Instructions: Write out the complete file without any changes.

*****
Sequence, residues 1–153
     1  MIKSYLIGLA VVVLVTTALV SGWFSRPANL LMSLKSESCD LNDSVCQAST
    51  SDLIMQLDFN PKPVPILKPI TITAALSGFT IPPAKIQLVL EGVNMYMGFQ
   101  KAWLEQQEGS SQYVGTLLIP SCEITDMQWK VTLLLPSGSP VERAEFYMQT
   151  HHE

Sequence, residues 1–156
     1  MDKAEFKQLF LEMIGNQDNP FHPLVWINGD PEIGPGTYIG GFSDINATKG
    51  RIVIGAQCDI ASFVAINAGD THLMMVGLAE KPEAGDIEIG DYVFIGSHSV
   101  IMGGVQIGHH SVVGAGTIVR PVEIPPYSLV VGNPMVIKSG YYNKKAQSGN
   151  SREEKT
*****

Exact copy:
Sequence, residues 1–153
     1  MIKSYLIGLA VVVLVTTALV SGWFSRPANL LMSLKSESCD LNDSVCQAST
    51  SDLIMQLDFN PKPVPILKPI TITAALSGFT IPPAKIQLVL EGVNMYMGFQ
   101  KAWLEQQEGS SQYVGTLLIP SCEITDMQWK VTLLLPSGSP VERAEFYMQT
   151  HHE

Sequence, residues 1–156
     1  MDKAEFKQLF LEMIGNQDNP FHPLVWINGD PEIGPGTYIG GFSDINATKG
    51  RIVIGAQCDI ASFVAINAGD THLMMVGLAE KPEAGDIEIG DYVFIGSHSV
   101  IMGGVQIGHH SVVGAGTIVR PVEIPPYSLV VGNPMVIKSG YYNKKAQSGN
   151  SREEKT